UF/IFAS offers up new telehealth initiative

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Living in a rural county has its challenges, and for some, finding transportation to healthcare resources can be chief among those challenges. For those patients, getting in to see their primary care physicians can be difficult, and a specialty doctor is even more difficult as they are most likely located an hour or more away.

The University of Florida saw a need for more people to have access to healthcare and established a new program in Holmes and Washington counties. 

The Rural Telehealth Initiative is a partnership between UF/IFAS Extension and UF Health and aims to improve residents’ access to physicians who treat diabetes, high blood pressure, cancer, and other chronic conditions.  

The new program will enable patients to see a specialist virtually through a telehealth kiosk rather than making the long journey to the closest medical center. Both UF/IFAS Extension Offices will offer private rooms where patients can interact with their physician through a specialized, private computer connection. The program will start with existing UF Healthcare patients who live in Holmes or Washington County.  

Associate Dean for UF/IFAS Extension and the initiative’s co-leader Dr. Michael Gutter, Ph.D. says lack of access is the biggest hurdle people face in rural healthcare. 

“People in rural areas experience more health disparities than those in urban centers,” said Gutter. “Part of this is due to lack of access. There simply aren’t as many doctors or hospitals in rural areas and certainly far few specialists who treat chronic conditions.” 

There are barriers created by life that impact seeking healthcare, according to Gutter. 

“When folks have to drive several hours to see a doctor, that often means taking off work, which equals lost time and lost money,” said Gutter.  “These ripple effects create more barriers to seeking and getting health care.”  

Many patients throughout the state travel to UF Health, this program will make their lives easier says Chief of Pediatric Endocrinology and the initiative’s other co-leader Dr. Michael Haller, M.D. 

“There are many families in Florida who travel long distances to see a specialist at UF Health,” said Haller. “What if they could instead go to their local Extension office, which may only be a few minutes away? This program will make that possible and help ensure our patients are getting the care they need to live healthier lives.”  

UF/IFAS Extension Director for Holmes County Kalyn Waters says her office is thrilled to be able to offer a program to improve the lives of those in the community.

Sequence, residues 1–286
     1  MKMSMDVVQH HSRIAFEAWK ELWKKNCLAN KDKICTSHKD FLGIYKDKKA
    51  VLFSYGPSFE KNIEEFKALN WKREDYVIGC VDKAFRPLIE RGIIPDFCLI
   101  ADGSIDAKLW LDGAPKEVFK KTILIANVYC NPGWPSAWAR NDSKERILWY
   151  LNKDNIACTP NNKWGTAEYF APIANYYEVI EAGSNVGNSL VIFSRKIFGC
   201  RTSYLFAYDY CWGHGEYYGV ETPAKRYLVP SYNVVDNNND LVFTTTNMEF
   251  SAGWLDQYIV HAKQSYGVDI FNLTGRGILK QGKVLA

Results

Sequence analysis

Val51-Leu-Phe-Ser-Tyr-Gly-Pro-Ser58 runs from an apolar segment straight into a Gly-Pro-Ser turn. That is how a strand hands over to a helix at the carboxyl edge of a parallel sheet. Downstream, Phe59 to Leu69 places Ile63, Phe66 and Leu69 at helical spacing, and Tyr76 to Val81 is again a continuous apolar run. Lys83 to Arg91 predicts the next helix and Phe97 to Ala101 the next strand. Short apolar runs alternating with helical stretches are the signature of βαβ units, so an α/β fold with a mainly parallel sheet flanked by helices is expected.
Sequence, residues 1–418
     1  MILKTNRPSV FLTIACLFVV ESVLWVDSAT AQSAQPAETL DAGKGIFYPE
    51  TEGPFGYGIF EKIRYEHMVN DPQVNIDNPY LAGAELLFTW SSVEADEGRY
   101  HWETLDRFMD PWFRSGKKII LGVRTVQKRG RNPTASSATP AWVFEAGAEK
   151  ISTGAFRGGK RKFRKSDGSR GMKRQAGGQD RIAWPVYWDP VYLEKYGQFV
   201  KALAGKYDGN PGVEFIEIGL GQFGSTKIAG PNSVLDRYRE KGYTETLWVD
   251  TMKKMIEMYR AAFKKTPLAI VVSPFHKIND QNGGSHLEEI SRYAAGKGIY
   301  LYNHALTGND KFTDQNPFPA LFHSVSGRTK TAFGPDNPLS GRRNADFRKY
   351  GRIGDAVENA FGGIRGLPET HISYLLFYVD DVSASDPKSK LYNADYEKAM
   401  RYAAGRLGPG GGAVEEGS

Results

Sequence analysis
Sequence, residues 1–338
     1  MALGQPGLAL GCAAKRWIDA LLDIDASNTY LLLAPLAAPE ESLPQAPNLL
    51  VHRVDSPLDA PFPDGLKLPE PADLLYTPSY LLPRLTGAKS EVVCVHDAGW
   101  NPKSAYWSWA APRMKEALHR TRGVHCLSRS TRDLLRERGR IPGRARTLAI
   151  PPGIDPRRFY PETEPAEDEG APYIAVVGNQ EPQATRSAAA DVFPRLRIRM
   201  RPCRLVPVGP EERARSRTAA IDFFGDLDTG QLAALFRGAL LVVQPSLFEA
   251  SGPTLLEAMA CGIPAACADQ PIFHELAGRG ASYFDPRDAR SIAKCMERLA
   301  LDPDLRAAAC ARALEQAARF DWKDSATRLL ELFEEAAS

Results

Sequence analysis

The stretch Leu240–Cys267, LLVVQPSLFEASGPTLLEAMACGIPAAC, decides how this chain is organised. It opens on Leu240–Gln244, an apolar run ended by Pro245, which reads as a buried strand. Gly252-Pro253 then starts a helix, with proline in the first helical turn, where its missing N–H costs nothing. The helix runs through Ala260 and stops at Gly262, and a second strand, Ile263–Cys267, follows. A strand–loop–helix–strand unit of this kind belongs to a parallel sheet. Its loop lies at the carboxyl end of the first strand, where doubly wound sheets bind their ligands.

“This is a critical opportunity for Extension to build a platform that will increase the quality of life for the residents of our county, especially for people who are already facing hardships from medical issues,” said Waters. “We are thrilled to be able to serve our at this level.”  

The program is funded by a three-year grant from the U.S. Department of Agriculture, with a goal to have a much longer and broader program down the road. Much of the grant will be used to upgrade internet speeds needed to deliver telemedicine services in rural areas where broadband can be spotty.  

Both UF/IFAS Extension offices have set aside a private room equipped with a Tyto telehealth kit, which consists of an iPad and several devices that replicate instruments commonly found in doctor’s offices, such as a stethoscope, blood pressure cuff and pulse oximeter. The kit also comes with a high-definition camera that allows the doctor to see the patient clearly.  

But unlike a traditional doctor’s visit, in a telehealth visit, the patient rather than the doctor will use these tools. The tools automatically transmit information about heart rate, blood pressure and more to the doctor in real time.  

Providing better access to health care to rural communities helps fulfill the land-grant university mission, stated Gutter.  

“One hundred years ago, Cooperative Extension was going into rural communities to introduce the latest agricultural technologies and techniques so farmers and families could be more successful,” said Gutter. “In many ways, telehealth follows a similar model of technology transfer and connecting all residents with university experts. To me, this represents the next frontier for Extension.”  

In addition to receiving telehealth services, patients will also be invited to participate in other UF/IFAS Extension programs. For example, young people with Type 1 diabetes can join a 4-H club or someone with hypertension looking to change their diet can participate in healthy cooking classes.

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